Just a bridgy styling, early one morning in summer 2011. You don’t need to be in some sort of an aircraft to take a shot like this. You don’t have to be on a boat, and you don’t have to be on stilts. There are shadows, of things on each side of the river, so you can tell it’s morning and not evening. Anyone who knows the city can deduce where the picture was taken. But where exactly? And whose name is nearby?
Archive for Entertainment
Continuing the theme of nominal accidentology – the study of names which could have been otherwise, and the ensuing differences in derivatives, I want to consider the alternative universe wherein our feet are as useful at manipulation – or podipulation – as our hands. It’s based on a series of tweets emitted back in February, while our esteemed PM worked abroad as a salesman for the arms industry. That moment is passed, so we need not be so personal.
Possible changes in the English language which might have ensued, were our feet as useful as our hands:
- We’d be able to stand legs akimbo
- We’d have legs dealers
- Legs dealers could be entertained with a toe buffet
- Our politicians could flog sidelegs on trades missions
- CND would stand for the more general Campaign for Nuclear Dismemberment
- George Bernard Shaw’s play might have been entitled Legs and the Man
- Abilene would famously have required surrender, on entry, of all footguns
- Our Air Forces, Navies and Armies would be companioned with Leggies
- We’d have a Salvation Leggy
- There’d be a quip about someone looking “eggless enough”
- There’d be no need for the Black Knight fight scene in Jabberwocky
People can be shot down. Cities can be burned or gassed. Entire ethnic groups can be destroyed. But an idea, when spread far and wide, can set fire and spread without caring who or what is in its way.
Ideas, when supported by enough people, and spoken loud enough, can change the world.
Speak out, violently if need be.
Never stop the spread of ideas.
It may be the only thing we’ll have left.
Which may take us to the close of Brecht’s ‘To Those Born Later’:
“… Oh, we
Who wanted to prepare the ground for friendliness
Could not ourselves be friendly.
But you, when the time comes at last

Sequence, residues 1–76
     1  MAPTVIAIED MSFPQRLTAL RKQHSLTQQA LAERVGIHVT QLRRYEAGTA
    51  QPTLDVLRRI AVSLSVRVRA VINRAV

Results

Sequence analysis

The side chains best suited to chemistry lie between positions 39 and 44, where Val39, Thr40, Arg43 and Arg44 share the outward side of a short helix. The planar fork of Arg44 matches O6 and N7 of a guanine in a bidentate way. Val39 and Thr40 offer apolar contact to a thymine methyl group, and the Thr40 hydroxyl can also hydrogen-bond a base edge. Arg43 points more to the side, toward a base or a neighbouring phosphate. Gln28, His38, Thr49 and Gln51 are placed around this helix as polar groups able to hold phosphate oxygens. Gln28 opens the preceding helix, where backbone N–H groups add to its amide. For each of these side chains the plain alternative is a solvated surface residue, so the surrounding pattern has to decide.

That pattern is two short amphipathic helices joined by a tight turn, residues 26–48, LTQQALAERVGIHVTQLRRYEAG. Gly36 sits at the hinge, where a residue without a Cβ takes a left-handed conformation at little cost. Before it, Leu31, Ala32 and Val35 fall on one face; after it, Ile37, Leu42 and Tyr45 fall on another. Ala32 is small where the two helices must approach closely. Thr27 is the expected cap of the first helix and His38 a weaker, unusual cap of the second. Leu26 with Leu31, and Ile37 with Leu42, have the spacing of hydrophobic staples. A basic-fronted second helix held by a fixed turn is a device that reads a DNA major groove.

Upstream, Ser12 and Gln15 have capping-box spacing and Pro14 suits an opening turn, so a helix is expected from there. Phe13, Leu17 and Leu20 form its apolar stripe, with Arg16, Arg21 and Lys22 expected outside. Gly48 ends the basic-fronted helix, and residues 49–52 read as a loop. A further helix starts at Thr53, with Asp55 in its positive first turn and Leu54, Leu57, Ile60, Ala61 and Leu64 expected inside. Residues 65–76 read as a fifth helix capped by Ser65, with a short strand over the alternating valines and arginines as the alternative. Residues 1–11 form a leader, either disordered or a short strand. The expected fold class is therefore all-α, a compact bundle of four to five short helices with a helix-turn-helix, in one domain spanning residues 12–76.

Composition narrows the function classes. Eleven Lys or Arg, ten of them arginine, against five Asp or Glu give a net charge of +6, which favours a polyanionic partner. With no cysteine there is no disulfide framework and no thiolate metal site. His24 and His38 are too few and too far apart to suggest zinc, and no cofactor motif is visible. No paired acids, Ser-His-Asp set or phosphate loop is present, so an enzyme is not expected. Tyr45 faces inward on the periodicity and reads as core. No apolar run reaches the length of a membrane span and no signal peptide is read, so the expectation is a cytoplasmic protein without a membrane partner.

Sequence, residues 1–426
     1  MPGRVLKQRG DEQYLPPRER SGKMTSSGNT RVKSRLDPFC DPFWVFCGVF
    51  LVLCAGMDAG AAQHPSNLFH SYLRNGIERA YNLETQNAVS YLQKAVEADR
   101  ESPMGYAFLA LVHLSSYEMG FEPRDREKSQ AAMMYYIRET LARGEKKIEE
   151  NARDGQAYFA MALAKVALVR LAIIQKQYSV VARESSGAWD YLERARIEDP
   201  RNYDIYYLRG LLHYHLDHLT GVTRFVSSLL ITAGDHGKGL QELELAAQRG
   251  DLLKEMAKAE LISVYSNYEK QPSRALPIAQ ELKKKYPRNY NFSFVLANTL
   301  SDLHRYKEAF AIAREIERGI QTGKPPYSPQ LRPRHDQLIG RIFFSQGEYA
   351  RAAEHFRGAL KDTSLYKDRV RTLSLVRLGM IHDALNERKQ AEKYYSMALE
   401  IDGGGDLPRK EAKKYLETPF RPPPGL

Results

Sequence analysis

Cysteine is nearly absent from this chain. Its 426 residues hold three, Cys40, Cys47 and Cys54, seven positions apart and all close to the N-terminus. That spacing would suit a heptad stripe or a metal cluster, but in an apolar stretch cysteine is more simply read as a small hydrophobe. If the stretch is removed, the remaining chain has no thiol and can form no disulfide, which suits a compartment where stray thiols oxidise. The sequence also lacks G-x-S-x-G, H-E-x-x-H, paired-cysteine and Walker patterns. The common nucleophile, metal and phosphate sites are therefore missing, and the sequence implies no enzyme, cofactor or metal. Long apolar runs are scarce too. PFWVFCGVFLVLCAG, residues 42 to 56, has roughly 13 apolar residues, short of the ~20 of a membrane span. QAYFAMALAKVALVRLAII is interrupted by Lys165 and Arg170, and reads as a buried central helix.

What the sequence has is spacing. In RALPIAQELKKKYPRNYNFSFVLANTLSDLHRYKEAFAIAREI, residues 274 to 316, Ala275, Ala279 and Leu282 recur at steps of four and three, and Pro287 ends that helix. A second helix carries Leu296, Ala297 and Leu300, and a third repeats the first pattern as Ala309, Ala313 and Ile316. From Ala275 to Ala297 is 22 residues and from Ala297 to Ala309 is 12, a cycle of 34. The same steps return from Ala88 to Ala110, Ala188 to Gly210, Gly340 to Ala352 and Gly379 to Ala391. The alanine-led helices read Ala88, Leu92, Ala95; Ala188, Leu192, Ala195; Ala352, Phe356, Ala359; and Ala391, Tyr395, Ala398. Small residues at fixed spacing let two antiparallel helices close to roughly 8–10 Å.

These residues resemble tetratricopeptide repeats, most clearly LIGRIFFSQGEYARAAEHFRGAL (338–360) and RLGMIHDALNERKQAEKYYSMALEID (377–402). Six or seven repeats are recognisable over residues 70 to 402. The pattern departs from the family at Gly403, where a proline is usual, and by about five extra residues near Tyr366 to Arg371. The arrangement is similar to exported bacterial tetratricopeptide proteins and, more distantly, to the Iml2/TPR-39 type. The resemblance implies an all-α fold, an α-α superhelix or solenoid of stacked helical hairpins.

And man is a helper to man,
Think of us
Most English (this is not the Amish usage you are looking for) aware entities know what the Y and the A mean when they begin a word. Most of the blogaware might guess what a B might stand for. Blogular quiddity will probably narrow down the possibilities for the second A and you’d probably just guess the N word (good grief, not that N word, where do you think we are, 60s Mississippi?) from the blogospherical context. Although familiarity with the premise behind Seinfeld might help.
Never having seen any but the occasional episode of Buffy the Vampire Slayer – which always struck me as quite decent entertainment – I’d never thought of it as a source of linguistic novelty. Seems I was very wrong. Usually good to find that out.
The Ode Less Travelled has been out for a while now, six years in fact since its first publication. Nobody needs another review – have a look at the amazon ones. I got the paperback in 2009.
They say “constraint sets you free” (well, I do, anyway). With no limit to the available stream of syllables and sentences which your language flings at you, you’re transfixed like the proverbial duck in headlights. You’re quite unable to begin creating exactly because the possibilities are endless. (It is a duck, isn’t it?)
Anyway – regardless of how you feel about poetry – if you just like playing with words then the strictures and structures imposed by the iambic pentameter allow you to get moving. Don’t think of this as ‘other people’s poems’
I think it may be possible to put
A word or comment in a tiny box
And simultaneously to hide a foot
Some twenty times in freshly rolled up socks
Once you’ve committed that kind of crime, preferably several times just to prove you can repeat the experiment reliably (but I won’t bore you here with any further chalked outlines) you can cast the chains and go mental:
Gracefully noiseless lessness trampolined in the rushes, the rivers, the baskets of fruit flies, the soporific drosophila outrageously topping the melanine toffee. Can it be about to be that we shall fling our rapidly responsible troops of solidity at the swings and rotund abbots of ministerial wedges? Did the flagrant oil of rabbit fry them dry? Did it?
Then you paint it. This can be fun. But maybe you don’t want to do it out loud.
As a long time advocate of the synthetic comparative and superlative (yer actual –er and –est suffixes) and deprecator of the analytic more and most, I prefer to say cloudier rather than more cloudy on those occasions where it’s relevant (and preferably true). To me, the latter sounds clunky and silly. And naturally I take it further by proposing the abolition of all such moronity and mostification. Thus we go with beautifuler instead of more beautiful. This should work with all adjectives.
But what about adjectival phrases? Whilst recently walking from A to B, I found myself considering going via two possible routes (it so happened that I wished to visit C on the way). One route had C more ‘on the way’ than the other. So was that route on the wayer than the other? Was there, in fact, an on the wayest route? If I said that out loud would folk think me merely mad, or would they know what I meant?
In a department store, the whereabouts of the escalator temporarily eluded me, so I had to seek the telltale signs of large diagonal lumps of building from ceiling to floor. I needed an escalatery area – one escalaterier than where I currently was.
You’ll note that, in that preceding little story, the spelling escalatory (which means something else) would not have done